Consumer Reports’ P2P Payments Ranking is Useless
Consumer Reports (CR) released its first-ever ranking of P2P payment apps, reviewing offerings from Apple, Facebook, Square, Venmo, and Zelle. It stated that:
"Our goal in testing the services was to give consumers shopping for a mobile P2P service more to go on than just a friend’s invitation—a frequent way consumers told us they currently choose a P2P service."
It rated the apps across five criteria: 1) payment authentication; 2) data security; 3) data privacy; 4) customer support; and 5) broad access.
Consumer Reports had this to say about some of the contenders:
- Apple. Apple Pay received top marks for data privacy because its policies state that it limits the information it collects and shares on users and their transactions. It doesn’t store credit card or debit card numbers, and it states in the terms and conditions that it doesn’t sell users’ personal information to third parties. CR noted one drawback however: Apple Pay requires specific later-generation Apple hardware and software.
- Venmo. CR noted that some consumers like the social aspect of Venmo: Unless you opt out, anyone—not just Venmo users—can see those comments and know about it when you reimburse a friend for spotting you lunch or when you ante up for your rental share. The report quoted an engineer working at a firm that assisted CR with evaluation who said, "You probably wouldn’t even realize it’s public until, say, an ex-boyfriend sees your payments to a new guy and starts to bother you.” (Side note: Yeah, that's a real problem for most of us, ain't it?)
- Zelle. Zelle ranked below average on data security and data privacy, which were weighted heavily in Consumer Reports' ratings. The Zelle app lacks features that keep you from accidentally sending money to the wrong person. That could happen if you mistype a phone number.
The CR report didn't make much mention of Facebook's or Square's P2P services.
Consumer Reports really missed the boat on this review for three reasons. First, CR's ratings of cars or refrigerators are helpful because buyers generally need to choose just one product and need help making that choice. But the world of P2P payment services isn't like that. As an iPhone owner, I can use Apple Pay if I want and use Zelle and use Facebook. I can choose the service that is most convenient for me and the other person at that moment.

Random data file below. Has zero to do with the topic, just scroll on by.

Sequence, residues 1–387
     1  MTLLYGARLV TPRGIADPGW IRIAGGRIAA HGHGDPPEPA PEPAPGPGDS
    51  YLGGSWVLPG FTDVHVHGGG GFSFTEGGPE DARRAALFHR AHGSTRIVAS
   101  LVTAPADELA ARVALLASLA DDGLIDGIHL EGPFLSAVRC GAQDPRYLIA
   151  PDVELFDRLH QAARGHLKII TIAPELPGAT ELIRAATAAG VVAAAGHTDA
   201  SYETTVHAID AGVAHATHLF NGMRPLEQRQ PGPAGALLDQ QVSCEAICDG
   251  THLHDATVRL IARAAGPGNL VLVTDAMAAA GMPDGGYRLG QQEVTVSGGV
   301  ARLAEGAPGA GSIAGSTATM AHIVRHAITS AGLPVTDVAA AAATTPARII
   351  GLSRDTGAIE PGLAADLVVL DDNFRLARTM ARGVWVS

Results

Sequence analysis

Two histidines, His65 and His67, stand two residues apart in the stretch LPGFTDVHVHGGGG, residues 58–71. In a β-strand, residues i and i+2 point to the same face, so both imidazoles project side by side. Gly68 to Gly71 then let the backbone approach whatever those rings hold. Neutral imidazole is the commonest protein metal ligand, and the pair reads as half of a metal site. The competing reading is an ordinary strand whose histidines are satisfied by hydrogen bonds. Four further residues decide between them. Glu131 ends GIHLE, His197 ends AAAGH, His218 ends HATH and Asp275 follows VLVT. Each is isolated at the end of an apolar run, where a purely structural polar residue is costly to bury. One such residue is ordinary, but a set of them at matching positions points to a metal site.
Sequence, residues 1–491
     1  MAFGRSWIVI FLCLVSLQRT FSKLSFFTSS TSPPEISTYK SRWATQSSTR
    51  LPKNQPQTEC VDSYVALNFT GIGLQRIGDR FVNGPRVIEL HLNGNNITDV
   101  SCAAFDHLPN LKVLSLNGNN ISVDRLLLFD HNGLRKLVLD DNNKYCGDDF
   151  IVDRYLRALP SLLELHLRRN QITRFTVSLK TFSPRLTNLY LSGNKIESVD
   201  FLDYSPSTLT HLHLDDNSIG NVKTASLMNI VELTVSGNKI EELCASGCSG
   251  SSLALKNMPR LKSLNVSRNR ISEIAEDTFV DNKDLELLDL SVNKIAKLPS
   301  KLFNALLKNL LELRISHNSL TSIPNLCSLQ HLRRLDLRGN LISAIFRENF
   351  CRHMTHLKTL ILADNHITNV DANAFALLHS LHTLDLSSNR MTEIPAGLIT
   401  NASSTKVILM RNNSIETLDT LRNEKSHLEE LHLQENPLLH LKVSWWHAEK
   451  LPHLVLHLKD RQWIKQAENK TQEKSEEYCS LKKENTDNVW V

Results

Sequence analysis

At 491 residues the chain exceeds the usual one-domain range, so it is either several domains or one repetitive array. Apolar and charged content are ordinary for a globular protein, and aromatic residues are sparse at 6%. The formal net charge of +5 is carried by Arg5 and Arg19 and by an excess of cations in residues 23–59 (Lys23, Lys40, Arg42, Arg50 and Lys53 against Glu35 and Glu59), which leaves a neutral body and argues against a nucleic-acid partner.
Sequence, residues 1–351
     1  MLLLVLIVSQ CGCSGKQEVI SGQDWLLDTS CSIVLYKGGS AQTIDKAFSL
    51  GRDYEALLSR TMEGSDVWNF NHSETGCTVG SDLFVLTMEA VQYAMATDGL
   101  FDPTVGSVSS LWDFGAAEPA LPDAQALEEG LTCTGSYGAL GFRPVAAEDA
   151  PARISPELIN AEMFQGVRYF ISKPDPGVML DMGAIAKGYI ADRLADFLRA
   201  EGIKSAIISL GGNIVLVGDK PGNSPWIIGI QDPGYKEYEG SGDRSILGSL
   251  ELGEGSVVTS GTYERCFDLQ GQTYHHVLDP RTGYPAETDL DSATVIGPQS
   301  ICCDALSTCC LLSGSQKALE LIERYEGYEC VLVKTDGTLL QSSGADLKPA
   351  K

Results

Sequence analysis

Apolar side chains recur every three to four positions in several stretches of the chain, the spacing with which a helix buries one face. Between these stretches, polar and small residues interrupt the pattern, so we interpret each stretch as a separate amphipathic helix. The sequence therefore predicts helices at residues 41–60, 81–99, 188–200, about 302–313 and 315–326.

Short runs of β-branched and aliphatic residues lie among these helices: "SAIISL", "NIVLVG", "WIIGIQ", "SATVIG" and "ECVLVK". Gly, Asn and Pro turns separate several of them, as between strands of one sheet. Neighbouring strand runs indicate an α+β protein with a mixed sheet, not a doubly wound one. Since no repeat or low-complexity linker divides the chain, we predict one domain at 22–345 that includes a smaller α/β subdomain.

Second, while car and refrigerator features change over time, they generally don't change more than once a year. Software products are undergoing enhancements nearly constantly these days. The CR report even mentioned that:
"A Zelle spokesperson said it would soon adopt the practice of asking senders to confirm recipients before transferring the money, Keep in mind that CR rated the standalone Zelle service, not the version someone might get from their bank’s website or mobile app."
So, if CR had reviewed the services after Zelle had offered this capability, how would the overall scores change?
Third, generally speaking, while consumers may have brand preferences that lead them to say something like "I'll never buy a Honda," there's nothing stopping them from doing so. But in the P2P payment world, if you don't have an Apple iPhone, you don't care that Apple Pay was rated the highest. I'm not a big Facebook user--there's no way in the world I'm going to use Facebook's P2P service (unless you want to send me a lot of money).
Bottom line: Two takeaways here: 1) P2P use is not a winner-take-all situation--people will use multiple services; 2) The choice of P2P service needs to be determined by (at least) two people--nobody can make a choice in isolation. So nice try, Consumer Reports. Congrats on the publicity and attention you got for doing a P2P payments ranking. But it is, for the most part, useless.
Director of Research